I eschewed psychotropic medications, and psychiatry in general. I was held, for periods of time, in hospitals and told to be “compliant” (to take medications). I sought out therapy, however, and had a few wonderful counselors. Counselors, I knew, treated things differently. They are not medical doctors shoving, as it were, pills that caused me horrible side effects down my throat.

Eventually, however, I was given an antipsychotic that both managed my symptoms and didn’t cause side effects. I am now a firm believer in taking the appropriate medication at the appropriate dosage, along with therapy, case management, and so forth.

One of my good friends, who, for reasons to protect them, will remain anonymous and vague, works for the military. This is not a delusion. They really do work for the military, and they are not the kind of person you would imagine an ethicist would associate with. The fact is, it’s their job to kill people efficiently and effectively. They are not a soldier. They make the plans that others carry out.

Let’s just say that this person knows how to inflict all kinds of torment on people. (This does not carry out into civilian life.) This person once asked me the most important question anyone ever asked me about my illness: “What happened to you?”

They wanted to know what kind of torment, abuse or disadvantage I experienced that made me have schizophrenia.

I wanted to tell them that I was a teen parent, who had to fight for her education, and was treated very badly by, especially, conservatives as a teen parent. I was told I was going to Hell, and funding for my high school, which was my joy and hope in the world, was always threatened.

I wanted to tell them that I had experienced sexism in the field of philosophy that made me very uncomfortable.

I wanted to tell them that I experienced a lot of sexual harassment when I was working as a teaching assistant.

I wanted to tell them that academia is not made for parents, especially teen parents.

I told my counselor instead.

Stigma

There are at least three kinds of stigma: (1) Self-Stigma, (2) Other Stigma, and (3) Stigma by Association. The literature discusses each of these.

Self-stigma is when a person internalizes the stereotypes and “othering” the society holds about them. They may think they are, in fact, a bad person for having schizophrenia. They may think they are at risk for committing violence. They may think they should be punished, or closely watched. This can cause a person to have low self-esteem, live “in the closet,” and not seek treatment.

Other stigma is when people who do not experience psychosis have negative views and discriminate against people with psychotic disorders. This can include not wanting to date a person with schizophrenia, not wanting to have conversations or be friends with people with schizophrenia, and not wanting to work with people with schizophrenia.

Stigma by association is when people who are associated with a person with a psychotic illness feel shame about having that person in their family, school or workplace. They may lack education about people with brain disorders, and there is evidence that proper education about these issues can lessen stigma by association.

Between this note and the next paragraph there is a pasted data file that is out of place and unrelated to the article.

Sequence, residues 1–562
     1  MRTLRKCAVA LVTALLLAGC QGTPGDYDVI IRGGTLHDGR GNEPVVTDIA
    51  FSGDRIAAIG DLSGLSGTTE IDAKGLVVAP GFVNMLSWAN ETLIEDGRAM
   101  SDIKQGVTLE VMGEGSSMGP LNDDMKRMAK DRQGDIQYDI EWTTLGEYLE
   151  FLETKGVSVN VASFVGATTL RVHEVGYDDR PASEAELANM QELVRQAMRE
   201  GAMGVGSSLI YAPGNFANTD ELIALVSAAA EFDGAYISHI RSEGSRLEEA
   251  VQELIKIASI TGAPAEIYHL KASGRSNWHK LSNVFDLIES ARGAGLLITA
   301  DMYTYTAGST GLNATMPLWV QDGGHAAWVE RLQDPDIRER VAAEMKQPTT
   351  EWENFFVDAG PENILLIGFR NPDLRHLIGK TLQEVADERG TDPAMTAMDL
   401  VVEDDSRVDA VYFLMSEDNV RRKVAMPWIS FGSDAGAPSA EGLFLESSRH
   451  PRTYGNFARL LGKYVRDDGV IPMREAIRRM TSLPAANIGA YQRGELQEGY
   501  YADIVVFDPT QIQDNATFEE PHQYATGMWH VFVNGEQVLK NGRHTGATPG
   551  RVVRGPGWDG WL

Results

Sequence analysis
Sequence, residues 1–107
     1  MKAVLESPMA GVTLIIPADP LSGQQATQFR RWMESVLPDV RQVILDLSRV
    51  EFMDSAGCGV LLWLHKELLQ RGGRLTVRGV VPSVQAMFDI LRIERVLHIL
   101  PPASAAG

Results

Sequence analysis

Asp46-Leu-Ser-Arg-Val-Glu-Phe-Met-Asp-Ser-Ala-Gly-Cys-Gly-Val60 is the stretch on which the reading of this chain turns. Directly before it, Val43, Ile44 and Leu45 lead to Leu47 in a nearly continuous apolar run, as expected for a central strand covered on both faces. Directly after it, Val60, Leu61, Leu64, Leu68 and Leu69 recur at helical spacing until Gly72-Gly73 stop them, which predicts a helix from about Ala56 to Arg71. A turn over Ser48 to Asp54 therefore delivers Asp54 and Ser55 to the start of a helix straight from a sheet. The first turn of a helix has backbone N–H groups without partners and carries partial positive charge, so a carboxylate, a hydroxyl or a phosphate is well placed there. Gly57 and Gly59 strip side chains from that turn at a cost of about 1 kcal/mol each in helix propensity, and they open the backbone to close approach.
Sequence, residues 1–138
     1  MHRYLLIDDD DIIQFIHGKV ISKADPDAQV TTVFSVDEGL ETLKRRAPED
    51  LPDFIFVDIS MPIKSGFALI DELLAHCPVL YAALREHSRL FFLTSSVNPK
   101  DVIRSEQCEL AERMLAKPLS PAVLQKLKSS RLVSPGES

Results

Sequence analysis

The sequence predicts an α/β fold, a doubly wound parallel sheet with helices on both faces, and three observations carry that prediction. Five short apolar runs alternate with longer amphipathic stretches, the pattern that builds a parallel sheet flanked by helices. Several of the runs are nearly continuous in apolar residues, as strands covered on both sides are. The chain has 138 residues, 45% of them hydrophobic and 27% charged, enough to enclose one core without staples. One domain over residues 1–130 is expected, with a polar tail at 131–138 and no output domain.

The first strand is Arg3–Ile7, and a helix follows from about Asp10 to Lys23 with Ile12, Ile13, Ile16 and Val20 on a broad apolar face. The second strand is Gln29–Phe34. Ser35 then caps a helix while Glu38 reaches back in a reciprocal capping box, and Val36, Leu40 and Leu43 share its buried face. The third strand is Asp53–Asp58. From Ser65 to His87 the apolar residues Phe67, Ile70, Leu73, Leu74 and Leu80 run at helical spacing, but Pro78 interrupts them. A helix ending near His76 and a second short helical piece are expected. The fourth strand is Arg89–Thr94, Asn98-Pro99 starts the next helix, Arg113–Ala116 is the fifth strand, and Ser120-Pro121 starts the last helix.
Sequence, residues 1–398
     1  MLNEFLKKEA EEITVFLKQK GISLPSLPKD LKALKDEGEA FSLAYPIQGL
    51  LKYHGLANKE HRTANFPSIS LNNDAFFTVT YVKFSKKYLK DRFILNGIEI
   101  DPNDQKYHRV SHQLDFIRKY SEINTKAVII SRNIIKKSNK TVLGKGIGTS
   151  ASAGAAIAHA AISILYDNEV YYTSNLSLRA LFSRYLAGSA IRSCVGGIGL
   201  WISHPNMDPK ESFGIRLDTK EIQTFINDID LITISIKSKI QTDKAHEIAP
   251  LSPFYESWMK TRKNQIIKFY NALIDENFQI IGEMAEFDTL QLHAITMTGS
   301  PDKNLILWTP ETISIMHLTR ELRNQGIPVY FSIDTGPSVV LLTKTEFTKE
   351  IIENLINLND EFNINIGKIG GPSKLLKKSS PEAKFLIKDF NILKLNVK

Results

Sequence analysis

Stigma can lead to discrimination by making people treat one differently. As someone who has dealt with gross amounts of stigma, I can say that people have treated me as a potential threat, a wild-eyed disarray, and needing to be “compliant” and tamed. This, even when my symptoms, which have never been threatening, were at bay. Stigma leads one to “see” you differently. It leads to bias in how your actions are interpreted.

I have learned to deal with stigma by living openly and “calling it out.” I risk all kinds of things doing this, but it’s the only thing I know to do.

Justice at Both Ends

We may live in a world where luck is involved, but there’s luck and there’s luck. We have the ability to change our world, to make things better for other people and ourselves. We have the ability to reduce the amount of negative luck people experience. For example, if we alleviated poverty, there would be fewer brain disorders, just as if we reduce child abuse, there would be fewer cases of child PTSD. If we want to reduce the amount of brain illness in the world, we need to be committed to justice.

At the same time, there are people who do and will continue to suffer. For those people, we need justice at the tail end—we need justice for people with brain disorders. This means making people feel OK with accepting government benefits, increasing government benefits so that people with brain disorders are not living in poverty, and, of course, reducing stigma.

I hope I have made a case for justice before and after psychosis.

Job Hunting with Schizophrenia

There’s an article in the Atlantic about job hunting while having schizophrenia. According to the article, 85% of people with schizophrenia are unemployed, while 70% of them would like to work. This gets back to my previous post about how I am an asset. I explained that discrimination still occurs. Check out the article.

Why I Am an Asset, Even Though I Have Schizophrenia

Although it’s illegal to discriminate against people with mental illness during hiring, it is well known that discrimination still occurs. People with disabilities are disproportionately living in poverty (partly because SSDI and SSI, if they are on that, provide you with just that—poverty) and cannot find work.

Previously, I hid my mental illness from people, especially people I worked with. These days, I live openly.